Openings and Closings

Domo Is Done, But Owner Gaku Homma Is Staying Busy

The garden is lovely, but lost to diners.
The garden is lovely, but lost to diners. Danielle Lirette
"When will Domo reopen?"

That's been the big question for anyone who loves Japanese food in Denver, and now we have the answer: Never. The restaurant at 1365 Osage Street is gone for good.

In August 2021, a TikTok video showing the restaurant’s charms went viral and forced its owner, Gaku Homma, to temporarily shut down after crowds of people lined up to dine there. It was too much of a good thing.

Domo eventually reopened, but Homma was overworked and understaffed. After he limited both Domo’s hours and capacity to make the load manageable for the staff he had, the restaurant limped along for a couple of months. But ultimately, he felt that he wouldn’t be able to maintain either the quality of the food or the service.

“The number of customers at Domo reached the highest level in the end of last year, and I started to think, ‘If ever more customers were to come to enjoy Domo, I wouldn't be able to keep up with the quality of service I want to offer, and that could lead to losing the good reputation that Domo has cultivated since its inception and on which Domo is built,’” he says in a translated text. “And that was when I decided to slow down and cool down, and that decision leads us to today.”

And today, Domo is officially closed. The restaurant that earned such rave reviews is no more. But the property remains.
click to enlarge
Gaku Homma has closed his restaurant but retains the space...for now.
Gil Asakawa
Forty years ago, Homma built an aikido dojo, Nippon-Kan, in an old warehouse in a long-overlooked area south of Colfax Avenue near the Auraria campus and created a nonprofit to run it. Not long after,  he added a unique Japanese restaurant to the complex, one that even visiting Japanese found awe-inspiring. The tables were Colorado granite, the seats were tree stumps with a bit of cushion covering them (not exactly comfortable, but full of Rocky Mountain charm), and the overhead lights were gnarly branches with lacquered Japanese newspapers serving as lampshades. Outside the back door, Homma Sensei and his students built a fine traditional Japanese garden with a koi pond and bonsai trees, where diners could commune with nature as they ate during the warmer months.

And that wasn't all: Homma put his collection of traditional Japanese artifacts on display in a small museum space he created in an attached wing that opened onto the tatami-covered aikido classroom on one side, and a historically accurate nineteenth-century Japanese farmhouse on the other, with overflow seating for the restaurant in the center. Behind this museum, a dormitory housed some aikido students.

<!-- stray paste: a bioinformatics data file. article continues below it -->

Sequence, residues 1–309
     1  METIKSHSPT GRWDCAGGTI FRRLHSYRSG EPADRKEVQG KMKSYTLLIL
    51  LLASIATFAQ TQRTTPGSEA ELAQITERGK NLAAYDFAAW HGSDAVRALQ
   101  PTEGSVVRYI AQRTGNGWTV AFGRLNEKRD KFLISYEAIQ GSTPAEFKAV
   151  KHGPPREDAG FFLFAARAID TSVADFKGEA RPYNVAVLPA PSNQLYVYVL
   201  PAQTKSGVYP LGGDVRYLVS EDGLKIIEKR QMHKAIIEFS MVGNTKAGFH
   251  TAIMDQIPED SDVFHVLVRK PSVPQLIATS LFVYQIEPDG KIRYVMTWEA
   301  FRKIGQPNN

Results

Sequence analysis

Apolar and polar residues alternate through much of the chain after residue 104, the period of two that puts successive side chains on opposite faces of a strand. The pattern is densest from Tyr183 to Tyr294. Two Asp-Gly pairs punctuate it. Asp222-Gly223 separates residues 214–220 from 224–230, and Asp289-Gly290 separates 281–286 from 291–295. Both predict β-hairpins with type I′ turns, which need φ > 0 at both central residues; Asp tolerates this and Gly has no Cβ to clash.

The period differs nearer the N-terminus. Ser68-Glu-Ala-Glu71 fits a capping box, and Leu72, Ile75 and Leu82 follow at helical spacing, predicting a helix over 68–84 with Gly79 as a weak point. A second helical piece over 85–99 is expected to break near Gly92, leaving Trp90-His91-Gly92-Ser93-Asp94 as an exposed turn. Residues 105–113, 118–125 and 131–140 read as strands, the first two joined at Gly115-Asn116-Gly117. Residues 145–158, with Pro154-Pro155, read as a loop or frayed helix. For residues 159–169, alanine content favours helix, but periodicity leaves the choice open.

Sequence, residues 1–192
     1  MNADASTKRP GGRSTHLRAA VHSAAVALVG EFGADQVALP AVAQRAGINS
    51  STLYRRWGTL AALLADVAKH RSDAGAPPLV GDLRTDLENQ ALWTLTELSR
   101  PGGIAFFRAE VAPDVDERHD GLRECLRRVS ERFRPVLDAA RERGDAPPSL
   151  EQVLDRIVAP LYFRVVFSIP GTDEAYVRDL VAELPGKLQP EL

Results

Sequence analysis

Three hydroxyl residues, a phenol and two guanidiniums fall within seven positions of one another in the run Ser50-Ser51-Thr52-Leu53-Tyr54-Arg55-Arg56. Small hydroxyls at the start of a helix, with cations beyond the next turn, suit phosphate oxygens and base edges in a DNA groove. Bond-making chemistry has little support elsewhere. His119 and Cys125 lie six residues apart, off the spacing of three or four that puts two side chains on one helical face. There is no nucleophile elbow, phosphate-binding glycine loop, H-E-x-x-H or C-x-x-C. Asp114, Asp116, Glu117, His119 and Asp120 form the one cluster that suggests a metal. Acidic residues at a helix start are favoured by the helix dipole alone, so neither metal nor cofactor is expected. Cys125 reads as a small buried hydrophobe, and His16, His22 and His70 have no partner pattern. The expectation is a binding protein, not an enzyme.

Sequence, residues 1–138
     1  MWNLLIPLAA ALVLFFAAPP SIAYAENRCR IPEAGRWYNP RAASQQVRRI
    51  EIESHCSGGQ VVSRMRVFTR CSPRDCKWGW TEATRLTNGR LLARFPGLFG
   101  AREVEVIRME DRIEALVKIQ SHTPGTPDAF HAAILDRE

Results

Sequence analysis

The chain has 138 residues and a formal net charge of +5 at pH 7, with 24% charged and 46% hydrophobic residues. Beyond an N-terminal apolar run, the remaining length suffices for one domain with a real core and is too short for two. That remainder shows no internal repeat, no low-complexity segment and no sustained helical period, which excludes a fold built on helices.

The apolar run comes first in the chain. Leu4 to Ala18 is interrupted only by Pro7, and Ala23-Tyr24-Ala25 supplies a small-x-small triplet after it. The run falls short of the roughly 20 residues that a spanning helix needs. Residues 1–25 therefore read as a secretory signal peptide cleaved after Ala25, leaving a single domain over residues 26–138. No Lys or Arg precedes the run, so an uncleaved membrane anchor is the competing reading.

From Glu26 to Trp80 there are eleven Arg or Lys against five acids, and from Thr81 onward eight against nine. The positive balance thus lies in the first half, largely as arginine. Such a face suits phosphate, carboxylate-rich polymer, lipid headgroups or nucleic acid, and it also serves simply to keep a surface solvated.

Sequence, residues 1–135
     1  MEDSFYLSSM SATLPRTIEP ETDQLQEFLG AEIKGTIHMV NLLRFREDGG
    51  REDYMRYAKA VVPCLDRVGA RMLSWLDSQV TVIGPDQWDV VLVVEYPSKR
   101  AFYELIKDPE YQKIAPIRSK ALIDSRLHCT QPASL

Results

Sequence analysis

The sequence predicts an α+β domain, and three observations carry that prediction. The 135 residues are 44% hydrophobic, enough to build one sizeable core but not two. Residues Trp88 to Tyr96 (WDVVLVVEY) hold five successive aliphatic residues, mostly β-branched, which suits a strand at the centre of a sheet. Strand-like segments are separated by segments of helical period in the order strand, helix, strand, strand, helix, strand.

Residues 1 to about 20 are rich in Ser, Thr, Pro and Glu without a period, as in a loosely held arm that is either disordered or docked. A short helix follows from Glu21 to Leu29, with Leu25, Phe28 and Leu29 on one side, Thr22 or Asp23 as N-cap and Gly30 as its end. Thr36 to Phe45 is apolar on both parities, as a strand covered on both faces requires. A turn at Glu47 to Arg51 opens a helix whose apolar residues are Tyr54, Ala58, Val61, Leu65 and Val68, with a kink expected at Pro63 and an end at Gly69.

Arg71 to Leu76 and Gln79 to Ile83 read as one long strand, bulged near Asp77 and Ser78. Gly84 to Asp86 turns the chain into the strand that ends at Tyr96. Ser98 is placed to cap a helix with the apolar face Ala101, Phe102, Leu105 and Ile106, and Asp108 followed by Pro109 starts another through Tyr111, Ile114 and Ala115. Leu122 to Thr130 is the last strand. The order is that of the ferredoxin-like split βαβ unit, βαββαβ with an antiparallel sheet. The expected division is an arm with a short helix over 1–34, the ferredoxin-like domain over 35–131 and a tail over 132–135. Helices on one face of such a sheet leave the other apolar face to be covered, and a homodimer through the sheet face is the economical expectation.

The aikido classes are currently suspended, but the nonprofit that Homma started in 1978, the Aikido Humanitarian Active Network, is still going. In fact, Homma recently returned from an international trip to reconnect with some of the projects AHAN supports around the globe, including aikido classes in Southeast Asia, orphanages in poverty-stricken countries, and modern classrooms (with donated used computers) in Latin America and Mongolia.

“During the coronavirus pandemic, I have had to be away from these overseas projects that I have been supporting abroad, and as various travel restrictions are being lifted lately, I have been resuming these activities in the last few months,” Homma says. “Because of this, it has been very difficult to keep Domo open.”

During his travels, he adds, “One of the places I went to visit is Bilay House in Thailand, where orphans from Myanmar and other children separated from their parents and guardians in Myanmar are living together, with access to education and medicine after having fled their country. I not only provided the seed money to establish this facility twelve years ago, but have continued providing financial resources and other resources, e.g. volunteers, my knowledge and advice, etc., since its inception, and over sixty children are currently living together at the facility.”

He also went to Nepal to teach aikido to that country’s special forces soldiers and to work with the Nepal Down Syndrome Association, which he’s supported financially. He traveled to Vietnam to teach aikido and visit physically challenged children who suffer from the effects of Agent Orange used during the Vietnam War. Later this year, he hopes to travel to majority Muslim countries to see how he can help communities there, either with aikido training or through his many charitable projects.

Although developers are certainly interested, Nippon-Kan's board of directors is holding onto the Denver property for now, and Homma is occasionally hosting events at the space, but without any food service. A Japanese language school for kids has made field trips there on recent weekends, and Homma is open to non-profit organizations using the place for meetings or other events. He might bring back his aikido classes. But he has no plans to reopen Domo.

Homma is now 72, and says he wanted to retire at seventy from restaurant work. He repeats in Japanese what he said last year: “Mo tsukareta, yo.” He's tired...of restaurants, at least. But Homma still has plenty to do.

Organizations interested in booking Domo can leave messages for Gaku Homma at 303-595-8256; find more information on the dojo here.
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